There is really no such thing as a “successful” traveler. You may have accomplished travelers or well-traveled people, but being a successful traveler is quite subjective and should be left up to the opinion of others.
That’s largely because traveling is seen as such a temporary, fleeting thing. You save up your vacation time, look for a great vacation spot, and make sure to actually take that vacation each year.
Even though you may believe traveling to be a temporary thing, there are plenty of people in the world who make it a full-time gig. How? By becoming digital nomads.
Digital nomads are those that bounce around from spot to spot, running a business or working online. The term digital nomad is open, and can be one of many different things.
Below, we’re going to discuss some basic tips to help you be a successful digital nomad and keep the adventure going.
Choose a Path
As mentioned above, there are plenty of options out there for being a digital nomad. Some take their skills and apply it to a regular job, such as IT, engineering, education, editing, writing, translation, marketing, or even running their own business.
Before you hop on a plane and jet off to who knows where, think about what exactly you want to do. It’s much easier to start your career or business in your home country (more on this later) than it is trying to figure it out on the fly.
This doesn’t mean that it can’t be done, but you may not have the flexibility or time to figure things out on the go.
Bring the Right Equipment
No matter which path above you end up taking, you’re going to be relying on mainly two things: a computer and an internet connection.
If you already have a laptop, fantastic, then you’re halfway there. If you’ve got a laptop that’s turning four or five in the near future, then you might want to go shopping.
Whether you go Apple or Windows is your choice. If you’re doing graphic design and artwork, then it’s better to go with the fruit. If you’re doing IT work or need a specific software to do your work, then it’s better to go Windows.
Make sure you ask your laptop manufacturer about different plugs for various outlets you’ll inevitably run into. You could buy an adapter, but if you’re planning on spending plenty of time in one country, look to see if they have a power adapter for that country.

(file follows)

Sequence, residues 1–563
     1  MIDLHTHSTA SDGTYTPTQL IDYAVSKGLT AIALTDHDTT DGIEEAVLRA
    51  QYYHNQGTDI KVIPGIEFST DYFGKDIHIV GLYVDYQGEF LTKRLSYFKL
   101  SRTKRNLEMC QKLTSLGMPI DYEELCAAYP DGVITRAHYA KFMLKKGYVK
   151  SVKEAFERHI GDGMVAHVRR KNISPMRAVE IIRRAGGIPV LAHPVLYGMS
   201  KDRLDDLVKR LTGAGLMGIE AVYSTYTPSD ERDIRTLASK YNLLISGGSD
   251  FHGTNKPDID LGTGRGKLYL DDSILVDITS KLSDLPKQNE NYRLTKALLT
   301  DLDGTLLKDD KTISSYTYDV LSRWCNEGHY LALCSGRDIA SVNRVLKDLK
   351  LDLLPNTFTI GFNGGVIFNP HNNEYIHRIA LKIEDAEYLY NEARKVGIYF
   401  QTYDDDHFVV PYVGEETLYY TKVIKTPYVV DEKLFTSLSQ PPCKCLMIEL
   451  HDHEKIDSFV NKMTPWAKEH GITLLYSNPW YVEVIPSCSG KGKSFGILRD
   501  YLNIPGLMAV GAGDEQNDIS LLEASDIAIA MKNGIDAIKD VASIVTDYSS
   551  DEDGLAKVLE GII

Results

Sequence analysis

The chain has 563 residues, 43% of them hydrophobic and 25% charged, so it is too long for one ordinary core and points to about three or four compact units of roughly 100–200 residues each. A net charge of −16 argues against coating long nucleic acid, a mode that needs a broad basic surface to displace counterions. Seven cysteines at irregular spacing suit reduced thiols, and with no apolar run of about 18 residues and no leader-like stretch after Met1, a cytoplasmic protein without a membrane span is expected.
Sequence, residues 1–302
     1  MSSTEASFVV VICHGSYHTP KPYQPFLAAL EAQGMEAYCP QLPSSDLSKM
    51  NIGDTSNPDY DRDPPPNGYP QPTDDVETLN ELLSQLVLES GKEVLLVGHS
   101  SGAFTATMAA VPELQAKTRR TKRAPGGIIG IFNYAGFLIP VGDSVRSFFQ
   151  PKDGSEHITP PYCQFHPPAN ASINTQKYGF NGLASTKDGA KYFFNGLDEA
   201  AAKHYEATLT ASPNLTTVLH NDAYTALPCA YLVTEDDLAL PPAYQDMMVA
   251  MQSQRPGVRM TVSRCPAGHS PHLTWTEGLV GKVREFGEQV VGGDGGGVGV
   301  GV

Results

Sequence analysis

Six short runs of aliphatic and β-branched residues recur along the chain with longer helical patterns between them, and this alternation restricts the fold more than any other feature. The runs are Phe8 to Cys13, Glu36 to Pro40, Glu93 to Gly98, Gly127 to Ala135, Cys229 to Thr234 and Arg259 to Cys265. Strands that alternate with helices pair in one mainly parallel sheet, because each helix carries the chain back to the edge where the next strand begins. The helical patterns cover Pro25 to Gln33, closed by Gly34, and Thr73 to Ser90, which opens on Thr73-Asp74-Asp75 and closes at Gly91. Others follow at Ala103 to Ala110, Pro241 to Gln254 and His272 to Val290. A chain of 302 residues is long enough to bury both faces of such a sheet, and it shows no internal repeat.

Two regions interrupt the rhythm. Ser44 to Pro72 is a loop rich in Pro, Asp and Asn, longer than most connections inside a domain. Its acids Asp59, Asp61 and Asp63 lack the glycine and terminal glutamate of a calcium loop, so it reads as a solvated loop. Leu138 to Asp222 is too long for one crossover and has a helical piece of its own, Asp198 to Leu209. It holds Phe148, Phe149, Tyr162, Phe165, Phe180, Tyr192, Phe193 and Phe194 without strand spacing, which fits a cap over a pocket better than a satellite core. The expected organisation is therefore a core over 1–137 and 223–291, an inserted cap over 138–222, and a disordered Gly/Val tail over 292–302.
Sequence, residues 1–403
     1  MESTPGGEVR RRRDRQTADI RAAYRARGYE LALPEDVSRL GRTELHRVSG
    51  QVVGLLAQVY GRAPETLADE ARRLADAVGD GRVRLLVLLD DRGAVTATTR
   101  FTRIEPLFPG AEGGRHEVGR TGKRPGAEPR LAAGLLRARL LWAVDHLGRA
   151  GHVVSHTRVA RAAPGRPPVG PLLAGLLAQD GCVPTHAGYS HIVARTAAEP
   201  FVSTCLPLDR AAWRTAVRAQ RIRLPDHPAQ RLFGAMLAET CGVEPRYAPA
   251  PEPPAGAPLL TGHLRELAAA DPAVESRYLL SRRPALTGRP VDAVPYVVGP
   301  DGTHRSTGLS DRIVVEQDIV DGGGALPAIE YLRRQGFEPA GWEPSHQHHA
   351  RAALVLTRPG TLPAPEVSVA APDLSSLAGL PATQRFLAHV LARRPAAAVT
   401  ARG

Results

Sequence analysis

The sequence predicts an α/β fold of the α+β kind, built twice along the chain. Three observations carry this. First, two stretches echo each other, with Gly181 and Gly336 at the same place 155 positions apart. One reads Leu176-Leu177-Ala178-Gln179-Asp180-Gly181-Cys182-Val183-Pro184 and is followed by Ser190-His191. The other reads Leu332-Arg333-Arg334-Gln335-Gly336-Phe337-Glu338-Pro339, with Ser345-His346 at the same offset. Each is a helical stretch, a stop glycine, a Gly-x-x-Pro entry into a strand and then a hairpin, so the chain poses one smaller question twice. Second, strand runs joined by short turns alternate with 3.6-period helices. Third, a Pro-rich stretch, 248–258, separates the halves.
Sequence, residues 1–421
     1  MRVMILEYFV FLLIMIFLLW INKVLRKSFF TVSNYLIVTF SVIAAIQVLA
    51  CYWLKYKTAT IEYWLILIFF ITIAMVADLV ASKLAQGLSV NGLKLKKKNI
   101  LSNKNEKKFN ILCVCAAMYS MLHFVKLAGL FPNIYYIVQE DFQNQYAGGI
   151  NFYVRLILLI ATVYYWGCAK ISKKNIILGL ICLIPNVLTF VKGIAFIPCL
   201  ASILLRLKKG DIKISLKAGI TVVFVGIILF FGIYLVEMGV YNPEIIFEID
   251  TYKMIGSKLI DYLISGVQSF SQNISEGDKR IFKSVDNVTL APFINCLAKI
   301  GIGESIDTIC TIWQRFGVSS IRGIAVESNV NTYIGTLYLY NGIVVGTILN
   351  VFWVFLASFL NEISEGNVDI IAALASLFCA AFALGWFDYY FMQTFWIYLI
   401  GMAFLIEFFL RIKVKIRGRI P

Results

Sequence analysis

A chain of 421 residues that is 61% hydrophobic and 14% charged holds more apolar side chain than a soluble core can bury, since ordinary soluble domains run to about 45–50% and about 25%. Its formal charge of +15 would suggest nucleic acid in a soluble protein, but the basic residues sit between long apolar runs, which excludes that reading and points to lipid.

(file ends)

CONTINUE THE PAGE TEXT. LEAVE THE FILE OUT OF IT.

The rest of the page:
Build Your Brand
Many digital nomads don’t have the luxury of having contracts or salaried jobs while traveling. This means that you need to build an effective brand and work on marketing yourself.
There are plenty of free digital marketing courses to help get you started, show you the ins and outs of building a portfolio, and how to connect with other businesses or clients.
It’s also going to help show businesses, clients, and customers who you are and what you represent. Your brand is more than just a logo, and it’s more about who you are and what you do.
If you’re running an online business, your brand starts with your domain name. That’s the first thing that people are going to notice about your business and how you can bring them in.
Commit to a Schedule
If you’ve never worked from home, it can be hard to manage your schedule. You wake up and there are diversions all around you. As a digital nomad, it can be even tougher. A permanent residence may not be an option for you, and it can be hard to get in a rhythm when you’re waking up in different places every day.
Whatever you do, find a way to commit to a schedule. If you’re an early bird, try to start work in the morning as soon as you wake up. Maybe your job has you working with a different time zone, so get in your leisure time or other errands around that schedule.
The earlier you can commit to a schedule, the easier your work and personal life will be.
Don’t Forget About Bureaucracy
Everyone loves paperwork, right? It’s basically the best thing about traveling!
Unlike the movies, you can’t just wake up one day and decide to move to X country. You’ll have to apply for a visa, and there are many factors that could affect what kind of visa you need.
Some countries offer a non-lucrative visa, which means you’ll be living in the country without earning any money in the local tax system. If you don’t want a visa, then you’ll have to bounce around plenty. Some countries are lax on their visa rules and offer longer visas. Others don’t allow you to renew once you’re inside the country. Some require a laundry list of items for you to even get in.
Make sure you are double and triple checking the immigration laws for wherever you’re going. If you start a business in a foreign country or ship goods to various markets, then you might be liable to local tax laws. This is why it’s easier to start a business in your home country and then move on.